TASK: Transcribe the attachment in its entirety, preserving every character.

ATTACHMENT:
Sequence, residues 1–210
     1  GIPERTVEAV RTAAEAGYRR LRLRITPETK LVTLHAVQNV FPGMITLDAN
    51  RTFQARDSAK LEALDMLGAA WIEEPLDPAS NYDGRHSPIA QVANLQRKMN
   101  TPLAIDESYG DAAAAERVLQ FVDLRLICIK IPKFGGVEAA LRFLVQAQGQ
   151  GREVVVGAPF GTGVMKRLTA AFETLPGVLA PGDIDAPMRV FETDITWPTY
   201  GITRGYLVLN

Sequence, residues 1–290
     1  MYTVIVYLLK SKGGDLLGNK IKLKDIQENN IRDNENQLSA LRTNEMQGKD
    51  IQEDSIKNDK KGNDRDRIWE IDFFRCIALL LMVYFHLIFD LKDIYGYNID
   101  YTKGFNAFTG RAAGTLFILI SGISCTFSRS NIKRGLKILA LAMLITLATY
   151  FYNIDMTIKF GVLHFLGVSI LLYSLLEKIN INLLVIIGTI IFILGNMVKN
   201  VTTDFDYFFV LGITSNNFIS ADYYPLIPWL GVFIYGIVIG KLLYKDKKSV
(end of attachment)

Sequence, residues 1–210
     1  GIPERTVEAV RTAAEAGYRR LRLRITPETK LVTLHAVQNV FPGMITLDAN
    51  RTFQARDSAK LEALDMLGAA WIEEPLDPAS NYDGRHSPIA QVANLQRKMN
   101  TPLAIDESYG DAAAAERVLQ FVDLRLICIK IPKFGGVEAA LRFLVQAQGQ
   151  GREVVVGAPF GTGVMKRLTA AFETLPGVLA PGDIDAPMRV FETDITWPTY
   201  GITRGYLVLN

Sequence, residues 1–290
     1  MYTVIVYLLK SKGGDLLGNK IKLKDIQENN IRDNENQLSA LRTNEMQGKD
    51  IQEDSIKNDK KGNDRDRIWE IDFFRCIALL LMVYFHLIFD LKDIYGYNID
   101  YTKGFNAFTG RAAGTLFILI SGISCTFSRS NIKRGLKILA LAMLITLATY
   151  FYNIDMTIKF GVLHFLGVSI LLYSLLEKIN INLLVIIGTI IFILGNMVKN
   201  VTTDFDYFFV LGITSNNFIS ADYYPLIPWL GVFIYGIVIG KLLYKDKKSV